Nothing says "schadenfreude" like rumors of a Republican primary challenge against the man who, less than three months ago, was their nominee for the Presidency of these United States.
Yet it appears that such a primary challenge may be in the cards in Arizona, if the party's more rabid conservatives in the state get their way.
McCain has never faced a serious challenge in Arizona, from either party, since winning election to Congress in 1982 - he defeated his first Democratic opponent for the Senate, Richard Kimball, by over 20 points. Nevertheless, the current chaos within the rudderless GOP may apparently lead to conservatives taking their rage out on the party's former standard-bearer.
From that renowned bulwark of conservative intellectualism, the National Review:
But now that (McCain) has lost the presidency, there are some Republicans in Arizona who would like to see him lose his Senate office, too. "I’ll do anything I can to support his Republican opponent, whoever that might be," Rob Haney — who until last week was chairman of the Republican party in Arizona’s District 11 — told me recently. Haney has been a loud and vocal critic of McCain for years, arguing that McCain is "not a conservative in any way, shape, or form."
Indeed, McCain's performance in his home state has been mediocre at best since his 2004 reelection.
The first sign of discontent in the Grand Canyon State with regard to its senior Senator came in the Republican Presidential primary, when Arizona's native son was held to 47% of the vote (to 35% for his closest rival, Mitt Romney).
Subsequently, McCain underperformed Bush's 2004 numbers in the general election in his home state. Granted, McCain underperformed Bush almost everywhere, and by quite a bit, but that still doesn't inspire confidence.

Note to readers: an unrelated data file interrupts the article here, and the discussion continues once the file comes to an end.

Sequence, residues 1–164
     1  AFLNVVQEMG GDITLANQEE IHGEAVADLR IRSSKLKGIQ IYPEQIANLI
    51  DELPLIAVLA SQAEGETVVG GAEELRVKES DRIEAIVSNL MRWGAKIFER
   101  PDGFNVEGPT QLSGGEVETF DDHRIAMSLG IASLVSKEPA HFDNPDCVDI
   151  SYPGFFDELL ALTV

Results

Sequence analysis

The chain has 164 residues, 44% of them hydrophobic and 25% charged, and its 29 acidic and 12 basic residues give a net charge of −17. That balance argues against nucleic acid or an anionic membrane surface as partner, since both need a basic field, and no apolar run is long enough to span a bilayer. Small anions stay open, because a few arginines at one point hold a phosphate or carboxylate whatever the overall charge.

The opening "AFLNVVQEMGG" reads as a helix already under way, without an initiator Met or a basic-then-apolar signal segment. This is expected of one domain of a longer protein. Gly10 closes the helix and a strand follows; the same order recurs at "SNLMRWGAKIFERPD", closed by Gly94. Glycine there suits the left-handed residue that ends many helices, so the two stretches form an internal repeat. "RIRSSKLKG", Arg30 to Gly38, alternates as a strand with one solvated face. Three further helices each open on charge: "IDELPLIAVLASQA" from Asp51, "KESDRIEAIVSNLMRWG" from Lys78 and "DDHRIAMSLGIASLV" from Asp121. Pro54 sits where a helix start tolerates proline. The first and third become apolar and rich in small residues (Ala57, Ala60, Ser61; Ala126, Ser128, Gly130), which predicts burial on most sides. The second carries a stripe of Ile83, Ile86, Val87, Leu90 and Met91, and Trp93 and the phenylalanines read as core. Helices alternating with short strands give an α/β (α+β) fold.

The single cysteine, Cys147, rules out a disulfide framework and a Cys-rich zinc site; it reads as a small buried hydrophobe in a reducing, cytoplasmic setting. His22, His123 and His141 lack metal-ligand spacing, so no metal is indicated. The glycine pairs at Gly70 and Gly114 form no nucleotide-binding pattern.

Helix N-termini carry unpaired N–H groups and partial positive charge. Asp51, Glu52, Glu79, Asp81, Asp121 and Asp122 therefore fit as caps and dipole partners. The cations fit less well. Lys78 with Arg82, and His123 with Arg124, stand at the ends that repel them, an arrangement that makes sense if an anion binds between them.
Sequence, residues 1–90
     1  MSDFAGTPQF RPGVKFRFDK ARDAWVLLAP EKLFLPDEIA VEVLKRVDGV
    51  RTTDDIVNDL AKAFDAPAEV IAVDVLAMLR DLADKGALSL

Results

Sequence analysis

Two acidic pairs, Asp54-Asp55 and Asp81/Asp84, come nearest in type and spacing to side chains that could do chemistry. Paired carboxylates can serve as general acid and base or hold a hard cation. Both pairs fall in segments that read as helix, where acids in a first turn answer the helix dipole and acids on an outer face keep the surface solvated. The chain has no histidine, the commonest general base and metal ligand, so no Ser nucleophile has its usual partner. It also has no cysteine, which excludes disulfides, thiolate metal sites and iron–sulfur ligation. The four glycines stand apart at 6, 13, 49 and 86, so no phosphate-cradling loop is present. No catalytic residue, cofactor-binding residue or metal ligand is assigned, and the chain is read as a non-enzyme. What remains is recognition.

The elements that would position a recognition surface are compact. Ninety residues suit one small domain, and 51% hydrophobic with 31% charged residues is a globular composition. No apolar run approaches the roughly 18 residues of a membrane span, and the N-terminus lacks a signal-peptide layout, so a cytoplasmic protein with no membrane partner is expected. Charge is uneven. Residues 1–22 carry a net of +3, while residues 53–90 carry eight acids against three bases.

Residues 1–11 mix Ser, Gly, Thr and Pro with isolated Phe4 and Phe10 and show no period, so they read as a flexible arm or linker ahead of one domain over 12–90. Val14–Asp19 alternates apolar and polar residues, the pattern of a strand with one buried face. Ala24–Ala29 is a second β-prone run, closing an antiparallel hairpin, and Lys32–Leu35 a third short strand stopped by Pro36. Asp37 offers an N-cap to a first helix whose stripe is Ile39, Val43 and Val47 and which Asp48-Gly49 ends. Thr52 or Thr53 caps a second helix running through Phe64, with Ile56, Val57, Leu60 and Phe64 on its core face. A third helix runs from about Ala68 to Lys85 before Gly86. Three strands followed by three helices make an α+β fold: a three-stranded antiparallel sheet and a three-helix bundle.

Finally, McCain's polling numbers against a strong Democratic opponent - former Governor and current Homeland Security director Janet Napolitano - look terrible, showing Napolitano receiving 53% of the vote to McCain's 45%.
While the last two points speak to increasing Democratic strength in Arizona - the state may have gone Democratic this year, as it did in 1996, had McCain not been on the ballot - they also indicate a fading fondness for McCain personally in his home state, including among conservatives.
In McCain’s lackluster wins, Haney sees an opportunity. "The competition McCain has had before really were not big names or anything that would give him a problem," Haney told me. "If he had a big name against him, it might present a problem. In the presidential primary, most Republicans preferred a different candidate than McCain, so if he went head-to-head against one candidate, and his record was made an issue, that might be a problem."
We noted last weekend that Charlie Cook had written about rumblings of a serious primary challenge to a conservative, well-respected Republican Senator. This could well have been the race he had in mind...and the candidate may have been former Rep. J.D. Hayworth, defeated by Democrat Harry Mitchell in the 2006 wave:
For the moment, Haney and others are putting their hope in J. D. Hayworth, the former congressman who now has a radio talk show in Phoenix. On the air, Hayworth has pushed particularly hard on the issue of illegal immigration, labeling McCain’s "comprehensive" reform proposal an amnesty plan.
When I talked to Hayworth about a possible candidacy, he didn’t say yes, and he didn’t say no. "That’s very flattering, but I don’t know," Hayworth told me. "That’s in the future. Obviously I have some polite but profound disagreements with John."
Hayworth is certainly a reliable conservative, but he probably doesn't have the mojo to take out McCain in a Republican primary - he's widely viewed as a slightly ridiculous, blustery figure.
Still, even the fact that there's a serious movement to primary the former Presidential nominee speaks to the current identity crisis within the GOP.
(Picture courtesy of WDCPIX).